4. ^ a b c "(Japanese)「英雄フクシマ50」欧米メディア、原発の作業員ら称賛("Fukushima 50" western press praise workers at nuclear plant)". Asahi Shimbun (JP). 18 March 2011.
5. ^ "Fukushima 50 Stay Behind to Prevent Nuclear Meltdown". FOX News. 16 March 2011. Retrieved 16 March 2011.
6. ^ KATRANDJIAN, Olivia; Cho, Joohee; Chang, Juju (16 March 2011). "Japan's Fukushima 50: Heroes Who Volunteered to Stay Behind at Japan's Crippled Nuclear Plants". ABC News. Retrieved 19 March 2011.
7. ^ KATRANDJIAN, OLIVIA (16 March 2011). "Japan's Fukushima 50: Heroes Who Volunteered to Stay Behind at Japan's Crippled Nuclear Plants". ABC News. Retrieved 17 March 2011.
8. ^ Branigan, Tania; McCurry, Justin (15 March 2011). "Fukushima 50 battle radiation risks as Japan nuclear crisis deepens". The Guardian (UK).
9. ^ "BBC News - Japan hails the heroic 'Fukushima 50'". BBC News. 2011. Retrieved 17 March 2011.

http://en.wikipedia.org/wiki/Fukushima_50

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【haaretz-福島原発にセキュリティシステムを納入したイスラエルの企業によるコメント】
Israeli firm which secured Japan nuclear plant says workers there 'putting their lives on the line'

Magna CEO says Japanese workers at nuclear plant 'projecting business as usual' but says it is 'unclear if they are healthy due to the high level of radiation at the reactor, which is life-threatening.'

The CEO of the Israeli company that installed the security system at Japan's Fukushima nuclear power plant said Thursday that those workers who have elected to stay behind are "putting their lives on the line" to save Japan.

Magna BSP set up the security system about a year ago at the facility, which suffered extensive damage after the recent earthquake and tsunami, with particular concern over radiation leakage from the reactors at the site.

The system includes cameras and a warning system, enabling the facility's security staff to monitor anyone attempting to trespass onto the site or damage the perimeter fence. The security system was designed to guard the plant against any hostile elements seeking to seize radioactive material to use in a terrorist attack.

Among the 50 Japanese workers who have remained at Fukushima amid the unfolding crisis, in an effort to bring the facility under control, are two individuals who were in Israel about three weeks ago, where they underwent training to transfer the operation of the security system to the Japanese themselves.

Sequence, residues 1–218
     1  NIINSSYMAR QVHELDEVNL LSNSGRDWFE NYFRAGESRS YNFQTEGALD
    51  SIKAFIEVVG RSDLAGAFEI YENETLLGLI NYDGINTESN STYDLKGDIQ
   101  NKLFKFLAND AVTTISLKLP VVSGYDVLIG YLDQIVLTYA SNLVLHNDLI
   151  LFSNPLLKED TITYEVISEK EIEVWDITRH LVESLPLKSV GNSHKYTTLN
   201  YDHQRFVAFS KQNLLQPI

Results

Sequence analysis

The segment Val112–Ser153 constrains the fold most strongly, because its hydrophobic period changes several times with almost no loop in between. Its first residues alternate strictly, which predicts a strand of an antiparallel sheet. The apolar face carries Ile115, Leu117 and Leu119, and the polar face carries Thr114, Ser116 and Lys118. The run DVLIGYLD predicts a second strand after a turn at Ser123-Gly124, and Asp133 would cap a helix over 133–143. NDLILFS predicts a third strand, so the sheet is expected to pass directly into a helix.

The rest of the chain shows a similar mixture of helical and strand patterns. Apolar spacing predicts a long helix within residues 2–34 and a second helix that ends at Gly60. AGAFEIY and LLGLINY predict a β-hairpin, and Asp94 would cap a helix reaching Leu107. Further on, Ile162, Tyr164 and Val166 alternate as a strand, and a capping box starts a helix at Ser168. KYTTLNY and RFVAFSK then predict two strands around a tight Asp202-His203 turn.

"We still haven't been able to make contact with them, either by phone or e-mail," Magna CEO Haim Siboni said yesterday. "We know they're alive, but it's not clear if they are healthy due to the high level of radiation at the reactor, which is life-threatening."

The Japanese workers who have remained at the reactor are really putting their lives on the line, with the knowledge that they're doing it to save all of Japan," he added.

Although there is no access to the area, Siboni said the cameras from his company's security system - which were installed high up - were probably not damaged and likely captured the post-earthquake explosions at the site, as well as the impact of the tsunami.

Magna BSP was established by Siboni about 10 years ago and is owned by several partners. Based in Dimona, the firm employs 15 people, a number which Siboni expects to expand dramatically in light of additional orders Magna has received from Japan and interest shown by the operators of nuclear reactors in other countries. Its operations in Japan are conducted through a Japanese government firm.

"We have an agreement in principle with the Japanese that we will provide protection for all of the country's nuclear reactors," Siboni said.

Magna had planned to send additional security equipment to Japan next week. The Japanese have not asked that the shipment be halted, Siboni said, adding: "They are projecting business as usual."

http://www.magnabsp.com/